The Killers - Sam's Town (Cover Artwork)

The Killers

The Killers: Sam's Town

Sam's Town (2006)

Island


4
Has it really been two years since Hot Fuss came out? The Killers enjoyed success in the form of their three big singles: "Somebody Told Me," "Mr. Brightside," and "All These Things That I've Done." Interest seemed to fade in the band though, as is often the case, so Sam's Town hasn't made quite the...

Has it really been two years since Hot Fuss came out? The Killers enjoyed success in the form of their three big singles: "Somebody Told Me," "Mr. Brightside," and "All These Things That I've Done." Interest seemed to fade in the band though, as is often the case, so Sam's Town hasn't made quite the splash the band anticipated (Flowers: "This album is one of the best albums in the past 20 years. There's nothing that touches this album").

Sam's Town opens with its title track, and immediately sets forth the theme of the album: Our narrator desperately wants to leave his tired home and start his new life. The tension between the overwhelming emptiness of the town and the sincere hope for something better is recurrent throughout the songs, and is best explained by standout track "This River Is Wild:"

This town was meant for passing through, boy, it ain't nothing new. Now go and show 'em that the world stayed round. [...] Or should I just get along with myself? I never did get along with everybody else. I've been trying hard to do what's right. [...] Well, this river is wild.
"Enterlude," a 49-second introduction to the album, follows "Sam's Town" and breaks the fourth wall as Flowers and a piano welcome the listener, and informs him that "It's good to have you with us, even if it's just for the day." Appropriately, Sam's Town is closed with "Exitlude" ("we hope you enjoyed your stay").

The band has certainly expanded their sound on their new full-length -- for the most adventurous example, see "Bones." The song opens with a grandiose choir and features blazing horns. Flowers' vocals are dubbed over a monotone reading of the lyrics in "For Reasons Unknown," and I'm fairly certain that's a glockenspiel in "Why Do I Keep Counting?." And while there is still plenty of synthesizer to maintain an atmosphere or to carry the melody (most notably in current single, "When You Were Young"), Sam's Town features some noteworthy piano.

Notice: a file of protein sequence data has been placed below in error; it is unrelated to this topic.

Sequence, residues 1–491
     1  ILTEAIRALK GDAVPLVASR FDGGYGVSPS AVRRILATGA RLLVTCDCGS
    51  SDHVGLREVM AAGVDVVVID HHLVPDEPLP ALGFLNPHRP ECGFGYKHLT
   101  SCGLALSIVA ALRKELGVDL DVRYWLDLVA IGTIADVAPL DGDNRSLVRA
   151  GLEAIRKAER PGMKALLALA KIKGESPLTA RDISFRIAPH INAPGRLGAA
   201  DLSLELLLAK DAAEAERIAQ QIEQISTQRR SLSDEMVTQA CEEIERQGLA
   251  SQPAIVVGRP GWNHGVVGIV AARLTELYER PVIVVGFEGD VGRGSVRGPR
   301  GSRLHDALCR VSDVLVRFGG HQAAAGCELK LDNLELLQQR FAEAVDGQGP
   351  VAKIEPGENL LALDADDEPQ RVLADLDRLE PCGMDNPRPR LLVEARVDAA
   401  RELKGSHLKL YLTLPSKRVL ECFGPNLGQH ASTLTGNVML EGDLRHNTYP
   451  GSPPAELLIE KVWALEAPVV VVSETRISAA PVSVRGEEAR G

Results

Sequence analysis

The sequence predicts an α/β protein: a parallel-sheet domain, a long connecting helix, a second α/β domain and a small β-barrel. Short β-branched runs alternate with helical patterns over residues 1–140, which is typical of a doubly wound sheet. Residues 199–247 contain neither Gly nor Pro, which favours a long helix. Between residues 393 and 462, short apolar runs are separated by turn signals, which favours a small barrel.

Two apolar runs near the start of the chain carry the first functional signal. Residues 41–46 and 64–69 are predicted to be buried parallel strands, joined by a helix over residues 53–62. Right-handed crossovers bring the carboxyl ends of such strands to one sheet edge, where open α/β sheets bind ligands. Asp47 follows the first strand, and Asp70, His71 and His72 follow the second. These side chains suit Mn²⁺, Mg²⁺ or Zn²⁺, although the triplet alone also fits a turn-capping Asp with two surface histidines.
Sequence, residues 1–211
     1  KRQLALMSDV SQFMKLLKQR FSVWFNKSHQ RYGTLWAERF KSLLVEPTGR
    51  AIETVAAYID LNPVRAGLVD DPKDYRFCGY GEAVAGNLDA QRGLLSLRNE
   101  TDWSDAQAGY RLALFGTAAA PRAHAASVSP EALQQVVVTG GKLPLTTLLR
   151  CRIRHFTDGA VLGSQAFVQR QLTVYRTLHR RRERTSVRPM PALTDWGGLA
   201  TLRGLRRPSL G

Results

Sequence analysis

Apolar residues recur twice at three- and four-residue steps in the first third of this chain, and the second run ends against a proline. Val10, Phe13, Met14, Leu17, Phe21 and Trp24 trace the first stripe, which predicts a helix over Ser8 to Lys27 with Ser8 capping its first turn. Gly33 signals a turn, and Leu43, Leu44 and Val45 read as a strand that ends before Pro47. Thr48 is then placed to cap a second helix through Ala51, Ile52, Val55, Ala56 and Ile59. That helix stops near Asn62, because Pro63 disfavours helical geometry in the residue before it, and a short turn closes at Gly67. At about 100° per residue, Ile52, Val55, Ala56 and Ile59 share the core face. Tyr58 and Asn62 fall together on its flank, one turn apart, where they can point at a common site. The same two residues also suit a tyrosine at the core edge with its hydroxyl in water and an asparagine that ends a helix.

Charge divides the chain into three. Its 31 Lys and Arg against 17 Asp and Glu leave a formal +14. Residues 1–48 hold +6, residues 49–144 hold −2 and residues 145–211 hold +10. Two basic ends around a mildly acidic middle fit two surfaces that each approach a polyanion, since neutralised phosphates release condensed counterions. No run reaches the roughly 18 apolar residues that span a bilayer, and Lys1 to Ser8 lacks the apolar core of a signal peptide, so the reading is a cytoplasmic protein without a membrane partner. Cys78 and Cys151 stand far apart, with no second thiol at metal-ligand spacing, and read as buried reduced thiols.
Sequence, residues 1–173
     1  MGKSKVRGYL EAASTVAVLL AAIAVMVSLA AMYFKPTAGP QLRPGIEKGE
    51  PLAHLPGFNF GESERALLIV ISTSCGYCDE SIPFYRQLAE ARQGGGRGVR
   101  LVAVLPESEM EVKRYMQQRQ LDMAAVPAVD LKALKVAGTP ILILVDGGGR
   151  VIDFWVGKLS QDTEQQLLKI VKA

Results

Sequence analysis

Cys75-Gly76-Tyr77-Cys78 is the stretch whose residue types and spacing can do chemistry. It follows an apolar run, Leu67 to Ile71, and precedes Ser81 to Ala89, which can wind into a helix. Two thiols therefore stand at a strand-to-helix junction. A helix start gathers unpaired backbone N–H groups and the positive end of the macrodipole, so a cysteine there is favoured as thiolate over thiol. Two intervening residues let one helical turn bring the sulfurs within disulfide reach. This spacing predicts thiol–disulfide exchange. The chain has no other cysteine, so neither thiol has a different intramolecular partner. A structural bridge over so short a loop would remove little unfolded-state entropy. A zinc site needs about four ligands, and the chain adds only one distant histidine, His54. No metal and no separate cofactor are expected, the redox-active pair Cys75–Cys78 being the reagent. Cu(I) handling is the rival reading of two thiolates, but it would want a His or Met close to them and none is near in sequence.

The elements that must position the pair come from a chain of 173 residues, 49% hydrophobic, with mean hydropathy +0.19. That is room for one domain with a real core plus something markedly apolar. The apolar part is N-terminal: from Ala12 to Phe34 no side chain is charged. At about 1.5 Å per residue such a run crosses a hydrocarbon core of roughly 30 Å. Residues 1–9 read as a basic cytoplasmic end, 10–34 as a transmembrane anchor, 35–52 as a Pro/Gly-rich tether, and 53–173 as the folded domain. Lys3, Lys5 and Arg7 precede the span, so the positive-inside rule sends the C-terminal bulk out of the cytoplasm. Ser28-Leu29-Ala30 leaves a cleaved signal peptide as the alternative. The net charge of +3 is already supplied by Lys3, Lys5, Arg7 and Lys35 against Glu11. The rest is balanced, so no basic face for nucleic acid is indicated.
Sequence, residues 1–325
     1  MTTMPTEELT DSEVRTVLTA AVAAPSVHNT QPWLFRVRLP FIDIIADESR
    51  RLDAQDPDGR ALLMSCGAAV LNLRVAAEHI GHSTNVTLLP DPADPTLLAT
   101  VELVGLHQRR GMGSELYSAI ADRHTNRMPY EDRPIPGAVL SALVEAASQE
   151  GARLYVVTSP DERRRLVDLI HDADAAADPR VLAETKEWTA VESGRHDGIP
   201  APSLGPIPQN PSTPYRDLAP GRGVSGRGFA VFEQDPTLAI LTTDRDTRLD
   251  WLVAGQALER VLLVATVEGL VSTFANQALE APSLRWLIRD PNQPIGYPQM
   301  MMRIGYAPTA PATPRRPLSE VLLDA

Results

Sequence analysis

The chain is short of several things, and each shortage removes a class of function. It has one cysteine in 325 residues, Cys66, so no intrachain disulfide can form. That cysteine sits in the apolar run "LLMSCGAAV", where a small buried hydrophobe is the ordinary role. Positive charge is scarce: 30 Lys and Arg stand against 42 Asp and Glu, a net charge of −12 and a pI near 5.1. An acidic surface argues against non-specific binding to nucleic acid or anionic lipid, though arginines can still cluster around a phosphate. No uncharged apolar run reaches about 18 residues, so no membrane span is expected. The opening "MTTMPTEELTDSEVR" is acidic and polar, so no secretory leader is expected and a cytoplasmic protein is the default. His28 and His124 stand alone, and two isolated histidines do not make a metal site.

Despite this willingness to experiment, the band is still rooted in the revival of popular new-wave of the 1980s. Fortunately, all of the aspects of `80s hits I hate aren't present here; in place of any drum machine, the production on the percussion is clear and well-suited to the songs. Bass lines are interesting and attention-catching (see: "Uncle Jonny," "This River Is Wild"). Finally, Flowers' singing is clear and strong. Even the band's most dedicated opponents have to acknowledge the talent of the vocals here.

There are, of course, minor faults. "Enterlude" and "Exitlude" are unnecessary and serve as a distraction. Adding a theatrical element has worked for other bands, but here the album's bookends interrupt the confessional tone of many of the songs. There are moments when the background vocals seem pointless and annoying. And while Hot Fuss saw comically awful lyrics in "Somebody Told Me," on Sam's Town they are found not, surprisingly, in "Bling (Confessions of a King)," but in "Uncle Jonny:" "When everybody else refrained."

If you didn't like Hot Fuss, you're going to hate this. If, however, you enjoyed the Killers' first release, I'm willing to bet that you'll like Sam's Town. I've taken off a point for the missteps listed above, and another point for Flowers' absolutely ridiculous ego concerning the album.

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When You Were Young